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Bury Me Standing by Isabel Fonseca

1995, Vintage

For a long time I've been wanting to learn more about Travellers or Roma, also called Gypsies, a term sometimes considered politically incorrect, but not by everyone. Isabel Fonseca respectfully uses the term in her book, and I will too.

Fonseca spent several years visiting Gypsy communities in Eastern Europe in order to learn more about them and their ways, which are largely unknown and poorly understood.

Often mistrustful of non-Gypsies, who they consider unclean or impure, they seem to isolate themselves from others. In return, their reputation for being dirty themselves and thieves to boot, has contributed to their status as pariahs rejected, sometimes brutally, from the communities where they have tried to live. It can be a vicious cycle: They don't want to fit in and they're not allowed to fit in, or even to live in peace.

Fonseca's research confirmed that some of the behaviors which are hard to accept are indeed typical across the groups she visited. She noted commonalities that may be key to understanding them: They live in the present; they lack attachment to place or possessions, seeing money as the means to an end only, and any way of getting it to be justified. (Working is no better than stealing for example.)

In terms of progress, Gypsies have sometimes been their own worst enemies. For example, they are suspicious of reading and schooling, and as a group have a high illiteracy rate. Traditionally, they marry and have children very young; it's common to be married by age 15 or even sooner. Not having children is seen as suspicious. Their worldview seems at odds with many cultures.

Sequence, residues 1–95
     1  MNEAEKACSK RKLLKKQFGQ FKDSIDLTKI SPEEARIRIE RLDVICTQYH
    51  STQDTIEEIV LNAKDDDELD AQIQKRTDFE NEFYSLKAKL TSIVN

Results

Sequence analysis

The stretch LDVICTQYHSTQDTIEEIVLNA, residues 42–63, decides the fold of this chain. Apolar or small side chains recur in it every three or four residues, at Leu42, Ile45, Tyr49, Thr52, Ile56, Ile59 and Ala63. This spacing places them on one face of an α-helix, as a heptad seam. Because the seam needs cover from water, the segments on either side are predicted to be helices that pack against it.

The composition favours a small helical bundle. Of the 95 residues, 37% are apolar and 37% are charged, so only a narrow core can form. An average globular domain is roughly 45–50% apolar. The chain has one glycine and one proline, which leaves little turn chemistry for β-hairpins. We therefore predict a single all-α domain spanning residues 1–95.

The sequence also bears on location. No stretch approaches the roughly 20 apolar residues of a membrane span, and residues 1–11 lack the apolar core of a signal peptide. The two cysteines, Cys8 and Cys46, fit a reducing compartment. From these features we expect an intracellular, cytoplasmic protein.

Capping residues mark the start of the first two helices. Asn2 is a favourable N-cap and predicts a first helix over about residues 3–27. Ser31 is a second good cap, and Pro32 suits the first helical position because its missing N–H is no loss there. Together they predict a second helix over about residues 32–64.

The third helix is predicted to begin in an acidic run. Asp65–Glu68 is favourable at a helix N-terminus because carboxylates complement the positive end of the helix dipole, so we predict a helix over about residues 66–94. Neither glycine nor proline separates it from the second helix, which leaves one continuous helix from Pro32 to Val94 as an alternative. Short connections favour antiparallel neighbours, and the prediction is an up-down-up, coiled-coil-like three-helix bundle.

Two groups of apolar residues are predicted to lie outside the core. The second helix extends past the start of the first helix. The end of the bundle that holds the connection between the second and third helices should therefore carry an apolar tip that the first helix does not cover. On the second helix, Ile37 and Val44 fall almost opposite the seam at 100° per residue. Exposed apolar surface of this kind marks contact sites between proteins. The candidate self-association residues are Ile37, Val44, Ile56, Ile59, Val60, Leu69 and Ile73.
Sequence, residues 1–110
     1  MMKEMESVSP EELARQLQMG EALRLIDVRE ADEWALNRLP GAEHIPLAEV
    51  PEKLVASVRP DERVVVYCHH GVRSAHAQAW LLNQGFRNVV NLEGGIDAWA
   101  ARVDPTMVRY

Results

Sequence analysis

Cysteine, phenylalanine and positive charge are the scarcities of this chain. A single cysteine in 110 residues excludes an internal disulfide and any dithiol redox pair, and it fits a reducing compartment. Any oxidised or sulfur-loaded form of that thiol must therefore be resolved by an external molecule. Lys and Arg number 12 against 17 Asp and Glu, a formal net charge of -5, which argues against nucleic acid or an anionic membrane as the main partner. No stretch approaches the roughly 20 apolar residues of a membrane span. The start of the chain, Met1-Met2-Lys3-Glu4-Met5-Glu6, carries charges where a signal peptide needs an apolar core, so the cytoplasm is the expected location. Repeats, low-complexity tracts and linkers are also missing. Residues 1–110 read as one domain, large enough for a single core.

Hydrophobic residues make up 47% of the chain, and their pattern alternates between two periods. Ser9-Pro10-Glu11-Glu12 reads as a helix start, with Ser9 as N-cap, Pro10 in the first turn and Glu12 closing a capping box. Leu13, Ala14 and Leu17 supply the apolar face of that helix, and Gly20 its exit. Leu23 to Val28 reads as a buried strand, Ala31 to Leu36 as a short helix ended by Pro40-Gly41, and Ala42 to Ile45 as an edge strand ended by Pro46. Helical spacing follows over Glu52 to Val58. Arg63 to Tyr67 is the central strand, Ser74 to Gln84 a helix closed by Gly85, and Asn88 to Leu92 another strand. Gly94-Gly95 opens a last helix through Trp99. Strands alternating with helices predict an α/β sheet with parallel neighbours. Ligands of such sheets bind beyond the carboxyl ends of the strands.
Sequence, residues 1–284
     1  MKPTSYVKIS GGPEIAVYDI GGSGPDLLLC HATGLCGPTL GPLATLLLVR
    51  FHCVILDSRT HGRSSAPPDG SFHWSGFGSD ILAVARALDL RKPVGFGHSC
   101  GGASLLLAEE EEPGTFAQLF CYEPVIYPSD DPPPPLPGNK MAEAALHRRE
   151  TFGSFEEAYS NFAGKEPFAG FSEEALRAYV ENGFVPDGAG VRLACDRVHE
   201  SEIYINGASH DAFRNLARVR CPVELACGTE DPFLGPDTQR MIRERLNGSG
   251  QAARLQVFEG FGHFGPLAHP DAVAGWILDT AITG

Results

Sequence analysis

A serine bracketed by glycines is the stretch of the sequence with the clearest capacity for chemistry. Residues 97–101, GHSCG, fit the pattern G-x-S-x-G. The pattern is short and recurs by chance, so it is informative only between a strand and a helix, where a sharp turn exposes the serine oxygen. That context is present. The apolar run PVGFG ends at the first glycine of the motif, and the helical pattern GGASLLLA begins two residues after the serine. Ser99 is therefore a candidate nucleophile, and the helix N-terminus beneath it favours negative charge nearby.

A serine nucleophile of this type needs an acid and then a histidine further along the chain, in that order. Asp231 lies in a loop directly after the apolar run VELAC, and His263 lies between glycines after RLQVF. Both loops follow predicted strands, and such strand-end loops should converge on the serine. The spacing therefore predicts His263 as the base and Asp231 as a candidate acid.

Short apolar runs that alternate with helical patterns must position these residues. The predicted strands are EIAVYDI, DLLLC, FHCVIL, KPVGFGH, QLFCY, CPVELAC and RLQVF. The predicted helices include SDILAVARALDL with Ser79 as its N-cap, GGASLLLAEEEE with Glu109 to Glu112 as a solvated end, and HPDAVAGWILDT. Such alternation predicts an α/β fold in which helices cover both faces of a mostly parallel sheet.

The author also reminds us that Gypsies were exterminated during the Holocaust. According to one account she gives of an extermination camp during WWII, for an unknown reason the Gypsies were allowed to keep their clothing, and housed separately from the Jewish prisoners. Many Gypsies are unaware of their Holocaust history, partly due to being illiterate, or not interested.

In France, my contact with Gypsies is mainly with those begging in the street or in front of the supermarket, identifiable by the long dresses of the women, gold-filled teeth, a plaintive way of begging (mentioned in the book as typical), or sometimes an overall messy, dirty appearance. I've met some Gypsy men who are aggressive about asking for money and rude when refused. Another common sight is Gypsy camps, usually mobile homes or trailers set up in a parking lot or other location. In general, the town where they locate wants to kick them out. There are certain rules against doing so once they've set up camp, so it's not that easy to make them leave. Instead towns use different methods to keep them from establishing camp in the first place, like putting up cement barriers in parking lots.

I've always felt bad for not feeling much compassion for the Gypsies I see begging for money. I don't like what I see as their aggressivity, and especially cannot understand sitting in the street all day with young children who could be in school, for example. This is why I've wanted to learn more about their culture to see if I can be more compassionate or at least understanding.

This utterly fascinating book helped me understand the Gypsy culture in new ways, I’m not sure I've gained more than a little extra compassion but every bit helps. I’ve gained more respect for a culture even if I don’t understand it very well. That's important.


Extra note: Fonseca talks about much more than I've mentioned here, including the history of Gypsies, like where they came from and fascinating stories and different theories about where they came from (most likely India). More information here.
Gypsy immigration routes from India

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